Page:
CARSON CITY -- A plan allowing no-warrant seizures of funds on prepaid debit or stored-value cards, to block money-smuggling by drug-dealers or financing for terrorists, was approved Thursday by a state Senate panel despite critics' constitutional concerns.
Senate Judiciary Committee members endorsed Senate Bill 82 after rejecting an amendment sought by the American Civil Liberties Union of Nevada to make investigators looking for unusual financial transactions without alerting suspects first get a search warrant from a judge.
Allen Lichtenstein of the ACLU said the amendment would have ensured judicial oversight and guarded against "unbridled discretion" of investigators during preliminary stages of a probe. He added that it's not difficult to get a search warrant from a judge.
But Assistant Attorney General Keith Munro said that under a 2001 state law change, Nevada authorities already can avoid the warrant process and subpoena service providers for such information. That state policy should remain in place, he said.
Committee members agreed to delete another section that would have authorized Nevada's financial institutions chief to revoke licenses of financial institutions that refused to turn over records. Critics had questioned whether that authority would extend beyond Nevada's borders.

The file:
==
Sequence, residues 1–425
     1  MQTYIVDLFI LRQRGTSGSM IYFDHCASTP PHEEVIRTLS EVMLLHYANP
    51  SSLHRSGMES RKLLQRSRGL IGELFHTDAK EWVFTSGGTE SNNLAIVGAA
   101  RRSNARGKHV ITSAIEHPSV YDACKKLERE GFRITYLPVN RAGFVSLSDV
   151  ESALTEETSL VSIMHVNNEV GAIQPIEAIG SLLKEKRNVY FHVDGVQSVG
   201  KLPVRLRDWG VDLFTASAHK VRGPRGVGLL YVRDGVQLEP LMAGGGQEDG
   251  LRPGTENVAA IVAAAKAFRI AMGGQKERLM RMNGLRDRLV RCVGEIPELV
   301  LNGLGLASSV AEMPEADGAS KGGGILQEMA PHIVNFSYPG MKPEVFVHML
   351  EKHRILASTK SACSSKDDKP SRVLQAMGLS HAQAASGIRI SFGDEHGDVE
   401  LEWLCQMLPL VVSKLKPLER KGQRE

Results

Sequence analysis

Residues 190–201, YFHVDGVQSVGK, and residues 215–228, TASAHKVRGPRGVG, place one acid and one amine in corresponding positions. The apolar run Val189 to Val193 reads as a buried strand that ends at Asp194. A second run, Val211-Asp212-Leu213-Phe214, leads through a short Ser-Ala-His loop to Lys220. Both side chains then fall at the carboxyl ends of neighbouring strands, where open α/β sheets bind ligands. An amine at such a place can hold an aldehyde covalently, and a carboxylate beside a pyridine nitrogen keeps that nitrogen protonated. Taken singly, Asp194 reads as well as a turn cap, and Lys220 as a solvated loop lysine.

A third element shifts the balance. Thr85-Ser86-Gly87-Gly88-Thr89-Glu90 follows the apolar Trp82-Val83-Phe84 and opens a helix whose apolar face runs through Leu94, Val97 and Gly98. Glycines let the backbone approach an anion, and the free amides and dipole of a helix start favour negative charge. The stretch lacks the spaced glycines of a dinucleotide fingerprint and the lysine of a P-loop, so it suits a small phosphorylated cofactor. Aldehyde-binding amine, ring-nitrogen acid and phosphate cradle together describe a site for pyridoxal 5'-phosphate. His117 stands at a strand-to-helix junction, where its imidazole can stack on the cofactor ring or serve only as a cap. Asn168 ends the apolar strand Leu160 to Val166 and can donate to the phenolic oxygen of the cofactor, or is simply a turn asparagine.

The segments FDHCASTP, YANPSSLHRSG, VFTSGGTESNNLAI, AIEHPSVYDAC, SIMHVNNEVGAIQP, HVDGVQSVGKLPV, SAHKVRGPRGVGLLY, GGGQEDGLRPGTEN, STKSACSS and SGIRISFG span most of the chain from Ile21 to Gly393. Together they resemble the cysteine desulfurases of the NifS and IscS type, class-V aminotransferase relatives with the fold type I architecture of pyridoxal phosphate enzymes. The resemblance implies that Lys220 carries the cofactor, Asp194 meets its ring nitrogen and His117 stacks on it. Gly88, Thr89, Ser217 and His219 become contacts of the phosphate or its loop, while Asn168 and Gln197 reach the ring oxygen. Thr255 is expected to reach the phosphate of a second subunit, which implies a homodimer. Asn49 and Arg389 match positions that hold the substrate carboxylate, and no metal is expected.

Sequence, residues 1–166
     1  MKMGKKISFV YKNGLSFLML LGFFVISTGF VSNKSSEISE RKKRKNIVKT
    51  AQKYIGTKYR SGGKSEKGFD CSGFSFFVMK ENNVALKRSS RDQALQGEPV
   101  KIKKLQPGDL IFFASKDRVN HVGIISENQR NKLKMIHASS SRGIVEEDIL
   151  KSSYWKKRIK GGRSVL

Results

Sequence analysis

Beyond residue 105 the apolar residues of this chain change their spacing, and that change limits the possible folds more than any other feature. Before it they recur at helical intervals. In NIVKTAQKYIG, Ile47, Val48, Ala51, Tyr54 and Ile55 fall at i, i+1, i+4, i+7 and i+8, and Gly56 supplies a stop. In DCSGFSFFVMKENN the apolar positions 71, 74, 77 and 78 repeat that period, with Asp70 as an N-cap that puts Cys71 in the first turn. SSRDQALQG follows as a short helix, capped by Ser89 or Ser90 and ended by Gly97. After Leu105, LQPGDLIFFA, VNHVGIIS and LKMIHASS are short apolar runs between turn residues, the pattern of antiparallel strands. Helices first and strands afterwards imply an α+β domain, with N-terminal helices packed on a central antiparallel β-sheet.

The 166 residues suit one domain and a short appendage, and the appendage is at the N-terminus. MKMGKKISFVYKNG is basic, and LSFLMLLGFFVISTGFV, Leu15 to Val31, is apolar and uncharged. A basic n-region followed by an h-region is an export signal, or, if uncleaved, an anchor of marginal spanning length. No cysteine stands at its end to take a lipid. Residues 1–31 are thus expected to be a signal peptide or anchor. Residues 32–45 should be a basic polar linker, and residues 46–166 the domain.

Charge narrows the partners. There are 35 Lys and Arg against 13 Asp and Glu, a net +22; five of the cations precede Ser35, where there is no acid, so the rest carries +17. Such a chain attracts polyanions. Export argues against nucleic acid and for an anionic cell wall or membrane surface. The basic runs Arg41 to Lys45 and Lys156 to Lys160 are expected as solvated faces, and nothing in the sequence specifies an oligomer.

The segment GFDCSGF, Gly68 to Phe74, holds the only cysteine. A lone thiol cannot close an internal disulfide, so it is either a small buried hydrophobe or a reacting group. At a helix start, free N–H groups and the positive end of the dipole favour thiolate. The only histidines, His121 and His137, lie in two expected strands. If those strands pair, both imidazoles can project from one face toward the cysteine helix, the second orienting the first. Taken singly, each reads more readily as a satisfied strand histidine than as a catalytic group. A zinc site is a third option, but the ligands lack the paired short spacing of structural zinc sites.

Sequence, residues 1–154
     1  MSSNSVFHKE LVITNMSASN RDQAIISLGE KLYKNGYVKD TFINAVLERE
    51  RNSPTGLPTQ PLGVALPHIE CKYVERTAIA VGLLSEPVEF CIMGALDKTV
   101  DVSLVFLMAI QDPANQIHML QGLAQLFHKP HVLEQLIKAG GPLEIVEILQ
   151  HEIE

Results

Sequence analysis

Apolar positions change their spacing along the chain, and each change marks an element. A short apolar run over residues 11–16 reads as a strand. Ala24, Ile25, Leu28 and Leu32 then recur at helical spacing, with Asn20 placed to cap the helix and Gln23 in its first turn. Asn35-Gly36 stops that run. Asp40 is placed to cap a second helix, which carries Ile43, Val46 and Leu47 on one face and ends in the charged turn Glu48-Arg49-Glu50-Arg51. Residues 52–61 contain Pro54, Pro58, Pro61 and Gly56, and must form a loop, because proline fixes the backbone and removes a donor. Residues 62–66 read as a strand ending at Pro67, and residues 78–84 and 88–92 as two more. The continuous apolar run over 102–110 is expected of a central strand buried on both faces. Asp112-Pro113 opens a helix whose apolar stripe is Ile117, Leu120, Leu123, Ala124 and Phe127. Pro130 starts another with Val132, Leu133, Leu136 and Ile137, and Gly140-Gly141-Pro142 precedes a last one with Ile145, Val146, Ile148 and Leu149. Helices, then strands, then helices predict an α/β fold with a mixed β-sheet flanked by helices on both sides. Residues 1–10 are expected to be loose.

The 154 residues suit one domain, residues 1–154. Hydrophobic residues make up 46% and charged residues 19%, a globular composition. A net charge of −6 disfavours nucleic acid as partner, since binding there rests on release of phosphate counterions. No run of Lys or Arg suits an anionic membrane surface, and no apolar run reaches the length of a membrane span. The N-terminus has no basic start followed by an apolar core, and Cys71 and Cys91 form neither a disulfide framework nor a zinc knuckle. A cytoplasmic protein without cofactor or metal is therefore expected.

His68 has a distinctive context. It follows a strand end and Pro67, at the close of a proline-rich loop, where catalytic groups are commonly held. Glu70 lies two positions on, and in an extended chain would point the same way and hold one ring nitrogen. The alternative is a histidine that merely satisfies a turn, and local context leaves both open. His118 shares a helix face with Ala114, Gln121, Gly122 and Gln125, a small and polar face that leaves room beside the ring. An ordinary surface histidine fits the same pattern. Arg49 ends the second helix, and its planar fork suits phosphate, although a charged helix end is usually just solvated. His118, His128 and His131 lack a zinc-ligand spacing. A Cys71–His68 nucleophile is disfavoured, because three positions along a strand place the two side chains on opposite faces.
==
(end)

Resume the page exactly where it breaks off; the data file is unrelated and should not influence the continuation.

Jim Earl, executive director of the Nevada Technological Crime Advisory Board, said Thursday that Congress is considering legislation to prevent abuses of the stored-value cards, and the Nevada legislation would put this state "on the leading edge" of such efforts.
In earlier testimony, Earl told the Judiciary Committee that SB82 would not violate the U.S. Constitution's Fourth Amendment protections against unreasonable search and seizure.
Earl also said his board was told that prepaid debit or stored-value cards worth more than $600 billion were issued last year in the United States, and it's clear that some are being used by criminals and not just people engaged in legitimate commercial transactions.
Under SB82, police with probable cause to believe a prepaid or stored-value card was linked to criminals could temporarily freeze the funds on the card account or seize the funds without a warrant in certain cases.
Earl said the measure takes into account a federal appeals court decision late last year in New York that held authorities can conduct no-warrant searches and surveillance against U.S. citizens in foreign countries. As applied to SB82, he said that ruling provides legal support for seizures of funds in financial institutions outside this country.